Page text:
Chicago Blackhawks defenseman Brent Seabrook has declared he is ending his 15-year NHL vocation.
Lingering injuries to both of his hips and right shoulder have kept the 35-year-old Seabrook off the ice since Dec. 15, 2019. He went through medical procedures on each of the three regions, yet as per group doctor Dr. Michael Terry, the defenseman’s correct hip has a drawn out issue that will keep him from playing once more.
“We have tried all available conservative treatments, and nothing has worked well enough for him to live life as an athlete,” Terry said in a statement. “We support his decision to prioritize his long-term physical health.”
Since Seabrook isn’t officially retiring, his agreement stays on the Blackhawks’ books, but on long haul injury save. The eight-year, $55M bargain he endorsed in 2015 terminates following the 2023-24 NHL season.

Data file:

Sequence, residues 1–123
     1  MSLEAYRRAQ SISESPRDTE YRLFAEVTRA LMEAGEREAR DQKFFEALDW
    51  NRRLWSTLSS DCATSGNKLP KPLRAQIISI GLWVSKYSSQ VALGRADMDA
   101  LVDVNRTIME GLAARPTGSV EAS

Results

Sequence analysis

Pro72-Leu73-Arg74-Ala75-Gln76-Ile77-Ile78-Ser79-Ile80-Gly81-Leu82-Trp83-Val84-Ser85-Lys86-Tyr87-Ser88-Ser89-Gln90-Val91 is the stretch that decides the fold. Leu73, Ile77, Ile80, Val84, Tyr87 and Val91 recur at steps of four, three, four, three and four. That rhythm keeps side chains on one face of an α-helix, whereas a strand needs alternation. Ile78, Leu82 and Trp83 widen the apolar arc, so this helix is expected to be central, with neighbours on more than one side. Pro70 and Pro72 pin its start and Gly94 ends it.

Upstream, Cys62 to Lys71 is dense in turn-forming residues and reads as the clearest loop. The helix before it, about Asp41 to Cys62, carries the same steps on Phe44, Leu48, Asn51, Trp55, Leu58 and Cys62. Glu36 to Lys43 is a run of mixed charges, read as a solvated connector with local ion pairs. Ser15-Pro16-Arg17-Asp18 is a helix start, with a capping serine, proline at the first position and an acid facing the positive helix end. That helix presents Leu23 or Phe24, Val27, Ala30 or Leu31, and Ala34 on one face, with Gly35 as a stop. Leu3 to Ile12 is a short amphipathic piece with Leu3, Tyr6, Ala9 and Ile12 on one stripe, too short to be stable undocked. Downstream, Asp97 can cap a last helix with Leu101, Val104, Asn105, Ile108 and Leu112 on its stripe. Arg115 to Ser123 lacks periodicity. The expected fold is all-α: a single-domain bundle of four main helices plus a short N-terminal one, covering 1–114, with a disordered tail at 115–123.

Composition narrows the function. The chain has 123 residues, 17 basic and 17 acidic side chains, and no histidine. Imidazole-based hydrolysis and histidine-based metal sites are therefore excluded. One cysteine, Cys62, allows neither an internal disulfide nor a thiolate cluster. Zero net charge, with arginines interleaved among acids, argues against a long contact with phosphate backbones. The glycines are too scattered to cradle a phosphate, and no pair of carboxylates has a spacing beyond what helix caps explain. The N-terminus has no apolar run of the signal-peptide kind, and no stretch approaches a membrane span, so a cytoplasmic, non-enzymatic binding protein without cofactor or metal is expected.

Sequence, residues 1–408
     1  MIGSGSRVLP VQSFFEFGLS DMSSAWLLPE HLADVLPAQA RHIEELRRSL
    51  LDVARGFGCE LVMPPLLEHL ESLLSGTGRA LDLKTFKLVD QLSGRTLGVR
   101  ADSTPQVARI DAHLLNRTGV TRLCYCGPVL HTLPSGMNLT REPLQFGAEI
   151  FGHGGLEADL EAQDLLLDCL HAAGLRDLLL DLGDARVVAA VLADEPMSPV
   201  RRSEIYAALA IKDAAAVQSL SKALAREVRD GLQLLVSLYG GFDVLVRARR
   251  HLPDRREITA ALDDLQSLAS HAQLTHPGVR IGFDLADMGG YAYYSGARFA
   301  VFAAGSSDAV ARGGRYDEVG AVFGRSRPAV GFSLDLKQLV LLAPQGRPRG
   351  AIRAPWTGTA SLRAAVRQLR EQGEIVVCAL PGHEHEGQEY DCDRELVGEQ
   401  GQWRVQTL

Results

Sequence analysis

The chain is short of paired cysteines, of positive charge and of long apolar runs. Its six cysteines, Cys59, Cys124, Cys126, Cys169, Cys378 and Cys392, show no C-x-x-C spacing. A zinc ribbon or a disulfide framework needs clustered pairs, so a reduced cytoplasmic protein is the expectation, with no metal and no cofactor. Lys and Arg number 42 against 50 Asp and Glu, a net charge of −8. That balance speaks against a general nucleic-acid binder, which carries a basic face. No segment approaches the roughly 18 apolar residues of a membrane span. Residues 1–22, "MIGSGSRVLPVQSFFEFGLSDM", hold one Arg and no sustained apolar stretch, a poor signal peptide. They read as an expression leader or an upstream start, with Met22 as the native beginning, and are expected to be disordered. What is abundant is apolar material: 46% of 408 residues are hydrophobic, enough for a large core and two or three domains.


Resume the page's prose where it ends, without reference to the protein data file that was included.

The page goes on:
After placing Seabrook, Zack Smith, and Andrew Shaw on LTIR Friday, the Blackhawks are presently ready to surpass their roof by $26M in cap hit, per Cap Friendly.
Seabrook was the fourteenth generally speaking pick in the proclaimed 2003 NHL Draft and made his introduction in 2005. More than 15 seasons in Chicago he would play 1,114 games and score 103 objectives and record 464 focuses. In the end of the season games, he scored 20 additional occasions and help the Blackhawks win three Stanley Cups. One of those postseason objectives came against long-lasting opponents Detroit in 2013, keeping their mission alive for another championship.
Addressing Canada on the international stage, he won gold at U-18s, World Junior Championship and the 2010 Olympics.
“I am so proud to have played my entire 15-year National Hockey League career in Chicago with the Blackhawks,” Seabrook said in a statement. “It was an honor to play the game that I love, with teammates I love, in front of fans I love, in a city that my family and I have grown to love.
“After several surgeries, countless hours of rehab and training to get back on the ice at the level of my expectations, it will not be possible for me to continue playing hockey. This is what is best for me and my family.”